FORT LAUDERDALE – Organizations in Miami-Dade, Broward and Palm Beach have put together programs to educate and combat human trafficking, also called modern-day slavery.


Special investigators and FBI agents will speak to a crowd of about 50 residents on the subject 11:30 a.m. Thursday, Jan. 23 Place of Hope at the Haven Campus, 21441 Boca Rio Road, Boca Raton. Place of Hope has taken this up as a topic to discuss because it involves abused, neglected and abandoned children, organizers said in a statement. January is National Anti-Slavery and Human Trafficking Awareness Month.

Broward College, in partnership with Free the Slaves, will host a day-long conference titled “Human Trafficking: Exposing the Crisis, Devising Strategies and Solutions,” on Thursday, Jan. 30, from 9 a.m. – 5 p.m. at Broward College’s Bailey Hall, 3501 SW Davie Rd., Davie. The event, which is free and open to the public, will bring awareness to the magnitude of human trafficking in Florida, the United States and around the world, while promoting discussion on effective responses and encouraging participants to join the movement to end modern slavery.

EXPOSING TRAFFICKING


“This conference will educate and engage community leaders, Broward College students and faculty, law enforcement professionals, and members of the community at-large by discussing issues and increasing awareness of a problem that is rampant in Florida, the United States, and around the world,” said Gregory A. Haile, general counsel and vice president for public policy and government affairs for Broward College. “We are pleased to be partnering with Free the Slaves in an effort to put an end to human trafficking, and we encourage everyone to attend so they can not only learn of the problem, but learn how to identify it and solve it.”

The Florida Department of Juvenile Justice defines human trafficking as modern-day slavery through forced labor, debt bondage, involuntary servitude, forced marriage and commercial sexual exploitation. National statistics rank Florida as the third most popular human trafficking destination in the country. Half of all victims are children.

Speakers attending the event include U.S. Rep. Ted Deutch; U.S. Sen. Marco Rubio (by video); Maurice Middleberg, executive director, Free the Slaves; Sara Gilmer, U.S. State Department’s Office to Monitor and Combat Trafficking in Persons; Guerda Constant, director, Fondasyon Limye Lavi, Haiti; Detective Nick Masters, Strategic Investigations Division, Broward County Sheriff’s Office; and many others.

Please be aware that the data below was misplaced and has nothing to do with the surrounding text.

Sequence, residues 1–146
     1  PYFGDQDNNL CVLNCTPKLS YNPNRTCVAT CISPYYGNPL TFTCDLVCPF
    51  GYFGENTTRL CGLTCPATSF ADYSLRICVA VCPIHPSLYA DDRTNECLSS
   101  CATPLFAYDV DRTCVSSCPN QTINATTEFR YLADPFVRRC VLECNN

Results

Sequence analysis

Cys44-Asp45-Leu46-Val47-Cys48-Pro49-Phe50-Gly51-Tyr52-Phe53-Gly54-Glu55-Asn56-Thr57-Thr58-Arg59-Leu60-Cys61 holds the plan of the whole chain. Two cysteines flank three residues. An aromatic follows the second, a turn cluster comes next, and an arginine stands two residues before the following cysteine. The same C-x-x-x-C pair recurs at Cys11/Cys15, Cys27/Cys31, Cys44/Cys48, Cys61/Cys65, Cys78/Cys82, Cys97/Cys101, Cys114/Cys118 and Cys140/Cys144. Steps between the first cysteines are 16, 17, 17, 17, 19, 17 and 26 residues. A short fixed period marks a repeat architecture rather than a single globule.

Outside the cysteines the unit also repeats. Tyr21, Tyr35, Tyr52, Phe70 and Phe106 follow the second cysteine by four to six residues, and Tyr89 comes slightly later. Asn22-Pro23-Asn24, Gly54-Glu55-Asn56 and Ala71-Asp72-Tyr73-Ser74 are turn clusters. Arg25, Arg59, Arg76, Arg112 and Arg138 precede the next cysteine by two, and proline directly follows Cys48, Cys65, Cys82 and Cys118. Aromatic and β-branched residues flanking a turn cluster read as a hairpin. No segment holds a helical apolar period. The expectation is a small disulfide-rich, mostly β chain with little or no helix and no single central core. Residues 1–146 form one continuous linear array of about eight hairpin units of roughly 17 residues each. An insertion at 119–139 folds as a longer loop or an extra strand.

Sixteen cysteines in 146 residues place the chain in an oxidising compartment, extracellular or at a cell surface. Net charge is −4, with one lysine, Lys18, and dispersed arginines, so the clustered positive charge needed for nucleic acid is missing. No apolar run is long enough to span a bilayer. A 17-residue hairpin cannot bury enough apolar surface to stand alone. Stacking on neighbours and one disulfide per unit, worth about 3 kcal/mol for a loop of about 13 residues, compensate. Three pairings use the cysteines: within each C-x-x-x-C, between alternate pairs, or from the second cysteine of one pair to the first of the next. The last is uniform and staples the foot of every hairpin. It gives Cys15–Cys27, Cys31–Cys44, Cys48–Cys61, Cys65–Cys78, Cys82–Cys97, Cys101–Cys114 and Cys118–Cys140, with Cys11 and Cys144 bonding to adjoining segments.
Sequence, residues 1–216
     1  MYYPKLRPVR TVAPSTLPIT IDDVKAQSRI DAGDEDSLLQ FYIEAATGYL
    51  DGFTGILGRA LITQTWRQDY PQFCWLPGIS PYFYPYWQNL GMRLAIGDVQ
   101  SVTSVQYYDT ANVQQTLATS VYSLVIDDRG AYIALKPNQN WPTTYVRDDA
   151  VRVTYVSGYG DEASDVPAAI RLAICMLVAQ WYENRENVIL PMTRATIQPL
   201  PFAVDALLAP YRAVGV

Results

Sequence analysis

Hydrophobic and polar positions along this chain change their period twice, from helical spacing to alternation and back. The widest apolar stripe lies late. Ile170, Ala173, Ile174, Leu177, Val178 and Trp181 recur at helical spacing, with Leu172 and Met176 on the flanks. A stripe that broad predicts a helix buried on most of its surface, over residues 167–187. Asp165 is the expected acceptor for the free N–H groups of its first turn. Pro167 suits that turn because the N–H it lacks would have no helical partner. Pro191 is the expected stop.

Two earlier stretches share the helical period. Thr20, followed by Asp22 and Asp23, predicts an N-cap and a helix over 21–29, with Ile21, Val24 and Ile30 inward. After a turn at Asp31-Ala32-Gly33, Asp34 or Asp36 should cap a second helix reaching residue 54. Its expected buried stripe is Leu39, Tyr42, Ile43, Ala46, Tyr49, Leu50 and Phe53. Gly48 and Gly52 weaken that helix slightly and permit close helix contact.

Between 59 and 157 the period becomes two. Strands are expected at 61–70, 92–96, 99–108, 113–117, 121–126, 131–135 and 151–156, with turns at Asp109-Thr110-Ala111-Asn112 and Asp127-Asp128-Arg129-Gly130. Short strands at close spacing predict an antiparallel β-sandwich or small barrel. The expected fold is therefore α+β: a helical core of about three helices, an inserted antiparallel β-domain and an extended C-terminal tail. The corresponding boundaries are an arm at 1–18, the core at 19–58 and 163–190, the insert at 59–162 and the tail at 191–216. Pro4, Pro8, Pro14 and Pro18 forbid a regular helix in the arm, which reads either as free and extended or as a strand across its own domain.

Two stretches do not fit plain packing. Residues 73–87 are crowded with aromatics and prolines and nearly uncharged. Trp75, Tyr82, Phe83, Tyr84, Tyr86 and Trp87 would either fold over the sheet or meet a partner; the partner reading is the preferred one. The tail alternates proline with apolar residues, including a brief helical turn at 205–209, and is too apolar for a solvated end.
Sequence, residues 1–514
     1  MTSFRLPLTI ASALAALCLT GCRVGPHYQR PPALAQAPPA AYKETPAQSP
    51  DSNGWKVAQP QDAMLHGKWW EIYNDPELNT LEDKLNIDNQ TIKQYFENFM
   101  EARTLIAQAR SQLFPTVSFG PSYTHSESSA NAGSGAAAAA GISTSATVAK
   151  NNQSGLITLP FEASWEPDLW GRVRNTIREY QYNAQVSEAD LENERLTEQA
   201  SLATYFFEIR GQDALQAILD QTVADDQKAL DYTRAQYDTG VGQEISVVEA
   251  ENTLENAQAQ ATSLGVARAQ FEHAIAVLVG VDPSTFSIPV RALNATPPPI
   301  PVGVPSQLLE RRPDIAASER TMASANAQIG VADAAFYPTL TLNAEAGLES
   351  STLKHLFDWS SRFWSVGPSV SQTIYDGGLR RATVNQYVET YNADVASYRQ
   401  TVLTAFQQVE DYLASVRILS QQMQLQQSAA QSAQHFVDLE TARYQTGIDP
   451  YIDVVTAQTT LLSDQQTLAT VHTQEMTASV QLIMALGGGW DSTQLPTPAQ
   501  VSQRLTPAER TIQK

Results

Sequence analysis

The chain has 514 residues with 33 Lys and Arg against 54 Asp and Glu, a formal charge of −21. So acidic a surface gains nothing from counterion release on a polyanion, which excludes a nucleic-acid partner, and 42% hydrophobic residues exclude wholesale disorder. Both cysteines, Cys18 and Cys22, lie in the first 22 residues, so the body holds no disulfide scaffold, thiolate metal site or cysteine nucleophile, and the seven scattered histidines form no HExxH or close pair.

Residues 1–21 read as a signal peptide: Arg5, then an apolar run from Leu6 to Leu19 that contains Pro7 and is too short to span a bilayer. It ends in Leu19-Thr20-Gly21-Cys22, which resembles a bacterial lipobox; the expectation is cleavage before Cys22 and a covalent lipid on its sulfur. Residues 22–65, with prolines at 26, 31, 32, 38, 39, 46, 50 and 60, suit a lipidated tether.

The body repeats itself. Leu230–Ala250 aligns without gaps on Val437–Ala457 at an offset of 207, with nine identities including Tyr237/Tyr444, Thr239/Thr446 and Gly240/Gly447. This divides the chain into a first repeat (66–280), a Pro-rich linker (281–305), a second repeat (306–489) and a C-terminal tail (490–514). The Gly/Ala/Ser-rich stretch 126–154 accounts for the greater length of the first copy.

Topics of discussion will focus on state and local law enforcement issues, the scope of human trafficking in Latin America and the Caribbean, and the role of multinational businesses in the effort to remove slavery from product supply chains.           

“Modern-day slavery is one of the greatest human rights challenges of our time, but it is an evil we can overcome if governments, corporations, academic institutions and members of the public all get involved. The Broward College conference will help people learn what they can do to bring human trafficking to end,” said Free the Slaves Executive Director Maurice Middleberg. Registration is required to attend the event. For other information visit endtraffickingsymposiumfl.eventbrite.com


ROLLING STRIKE


One Billion Rising for Justice Miami is challenging students, community leaders, celebrities and survivors to a day of action against human trafficking.

On Friday, Feb. 14, from 4 -7 p.m. the Wolfson Campus of Miami Dade College (MDC) will host the One Billion Rising campaign to end human trafficking and the abuse of women worldwide. The campaign began as a call to action based on the staggering United Nations statistic that 1 in 3 women on the planet will be beaten or raped during her lifetime.

Last Valentine’s Day, some 2,000 men, women and children joined together at Miami Beach’s Soundscape Park as part of wider world population demanding the end to injustices women suffer.

On this date, motorists, bikers, cyclists and walkers will participate in a rolling strike on the streets surrounding the campus and will then gather on the campus’ Kyriakides Plaza for a web strike, music and inspiring words from experts and survivors, according to a statement from organizers.